BIOMAPER-II, IEEE J. Oceanic. Eng. 2002 Effect of animal orientation, IEEE J. Ocean. Eng. 2002 In situ TS of siphonophores, ICES J. Mar. Sci. 2001 Scattering by benthic and planktonic shells; JASA 2000 Near-bottom boundary layer; CSR 1997
Please feel free to contact me if you would like a reprint of any of these papers.

S.S. Urmy and J.D. Warren. 2016. Quantitative ornithology with a commercial marine radar: standard-target calibration, target detection and tracking, and measurement of echoes from individuals and flocks. Methods in Ecology and Evolution. doi:10.1111/2041-210X.12699 [.pdf]

Summary: 1. Marine surveillance radars are commonly used for radar ornithology, but they are rarely calibrated. This prevents them from measuring the radar cross-sections (RCS) of the birds under study. Furthermore, if the birds are aggregated too closely for the radar to resolve them individually, the bulk volume reflectivity cannot be translated into a numerical density. 2. We calibrated a commercial off-the-shelf marine radar, using a standard spherical target of known RCS. Once calibrated, the radar was used to measure the RCS of common and roseate terns (Sterna hirundo L. and Sterna dougallii Montagu) tracked from a land-based installation at their breeding colony on Great Gull Island, NY, USA. We also integrated echoes from flocks of terns, comparing these total flock cross-sections with visual counts from photos taken at the same time as the radar measurements. 3. The radar's calibration parameters were determined with 1% error. RCS measurements made after calibration were expected to be accurate within ±2 dB. Mean tern RCS was estimated at −28 dB relative to one square meter (dBsm), agreeing in magnitude with a simple theoretical model. RCS was 3–4 dB higher when birds’ aspect angles were broadside to the radar beam compared with head- or tail-on. Integrated flock cross-section was linearly related to the number of birds. The slope of this line, an independent estimate of RCS, was −32 dBsm, within an order of magnitude of the estimate from individual birds, and near the middle of the frequency distribution of RCS values. 4. These results indicate that a calibrated marine radar can count the birds in an aggregation via echo integration. Field calibration of marine radars is practical, enables useful measurements, and should be done more often.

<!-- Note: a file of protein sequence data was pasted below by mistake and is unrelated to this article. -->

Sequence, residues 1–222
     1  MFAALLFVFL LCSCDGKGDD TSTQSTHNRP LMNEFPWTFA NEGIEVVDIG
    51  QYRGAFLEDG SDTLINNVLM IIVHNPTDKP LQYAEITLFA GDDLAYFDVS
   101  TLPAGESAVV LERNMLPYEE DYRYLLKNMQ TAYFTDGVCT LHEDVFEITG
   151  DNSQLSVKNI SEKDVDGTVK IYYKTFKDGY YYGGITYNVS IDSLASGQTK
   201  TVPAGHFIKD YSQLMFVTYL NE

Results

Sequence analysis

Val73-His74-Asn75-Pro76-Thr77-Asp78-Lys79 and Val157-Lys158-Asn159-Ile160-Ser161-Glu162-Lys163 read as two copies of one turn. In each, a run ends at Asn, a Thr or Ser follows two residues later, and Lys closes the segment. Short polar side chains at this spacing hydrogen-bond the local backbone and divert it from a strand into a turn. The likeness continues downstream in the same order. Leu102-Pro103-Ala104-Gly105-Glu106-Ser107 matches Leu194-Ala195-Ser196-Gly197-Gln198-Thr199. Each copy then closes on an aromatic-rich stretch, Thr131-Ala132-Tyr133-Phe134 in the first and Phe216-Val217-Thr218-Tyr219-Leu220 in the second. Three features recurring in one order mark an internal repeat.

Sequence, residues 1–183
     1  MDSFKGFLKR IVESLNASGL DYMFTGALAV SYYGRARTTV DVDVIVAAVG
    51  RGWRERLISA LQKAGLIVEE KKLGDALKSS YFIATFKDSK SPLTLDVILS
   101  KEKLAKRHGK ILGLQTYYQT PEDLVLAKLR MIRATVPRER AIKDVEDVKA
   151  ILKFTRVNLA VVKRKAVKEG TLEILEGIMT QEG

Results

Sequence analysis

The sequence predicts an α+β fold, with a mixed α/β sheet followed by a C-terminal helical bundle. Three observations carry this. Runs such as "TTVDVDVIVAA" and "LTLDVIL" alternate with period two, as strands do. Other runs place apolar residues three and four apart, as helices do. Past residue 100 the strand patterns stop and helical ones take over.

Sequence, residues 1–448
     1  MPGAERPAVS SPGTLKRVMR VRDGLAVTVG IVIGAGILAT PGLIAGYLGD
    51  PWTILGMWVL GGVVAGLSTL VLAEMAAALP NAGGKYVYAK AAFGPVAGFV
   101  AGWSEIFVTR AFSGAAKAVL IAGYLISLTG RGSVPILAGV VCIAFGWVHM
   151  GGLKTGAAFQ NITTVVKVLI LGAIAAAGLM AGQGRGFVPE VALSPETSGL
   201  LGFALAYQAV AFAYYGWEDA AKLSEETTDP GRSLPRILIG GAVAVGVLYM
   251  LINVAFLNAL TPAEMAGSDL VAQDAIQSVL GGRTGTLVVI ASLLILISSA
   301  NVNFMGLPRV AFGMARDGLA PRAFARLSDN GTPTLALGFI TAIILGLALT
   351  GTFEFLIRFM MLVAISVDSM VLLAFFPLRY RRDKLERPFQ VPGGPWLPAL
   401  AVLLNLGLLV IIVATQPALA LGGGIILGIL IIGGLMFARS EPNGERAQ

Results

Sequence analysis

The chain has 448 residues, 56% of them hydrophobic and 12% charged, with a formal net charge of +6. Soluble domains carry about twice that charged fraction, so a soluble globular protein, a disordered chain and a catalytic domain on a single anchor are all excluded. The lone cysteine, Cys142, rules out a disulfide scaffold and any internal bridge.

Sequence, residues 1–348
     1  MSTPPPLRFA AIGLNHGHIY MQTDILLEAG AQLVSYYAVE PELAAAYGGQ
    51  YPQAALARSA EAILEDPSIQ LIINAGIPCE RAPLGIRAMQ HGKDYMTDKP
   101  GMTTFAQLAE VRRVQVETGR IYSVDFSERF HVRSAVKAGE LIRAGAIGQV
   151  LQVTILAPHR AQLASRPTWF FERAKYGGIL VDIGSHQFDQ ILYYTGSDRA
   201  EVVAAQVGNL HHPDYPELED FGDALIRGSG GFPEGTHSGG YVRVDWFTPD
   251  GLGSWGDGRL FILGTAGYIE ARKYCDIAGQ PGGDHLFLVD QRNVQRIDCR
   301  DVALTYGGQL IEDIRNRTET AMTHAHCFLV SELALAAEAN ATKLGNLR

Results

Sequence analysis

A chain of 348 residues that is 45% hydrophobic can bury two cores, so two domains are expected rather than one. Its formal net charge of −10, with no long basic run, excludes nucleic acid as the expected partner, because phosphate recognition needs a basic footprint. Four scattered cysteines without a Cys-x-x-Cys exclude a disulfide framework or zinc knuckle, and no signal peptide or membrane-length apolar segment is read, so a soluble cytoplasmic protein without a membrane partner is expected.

M. D'elia, J.D. Warren, I. Rodriguez-Pinto, T.T. Sutton, A. Cook, K.M. Boswell. 2016. Diel variation in the vertical distribution of deep-water scattering layers in the Gulf of Mexico. Deep-Sea Research I. 115:91-102. doi:10.1016/j.dsr.2016.05.014 [.pdf]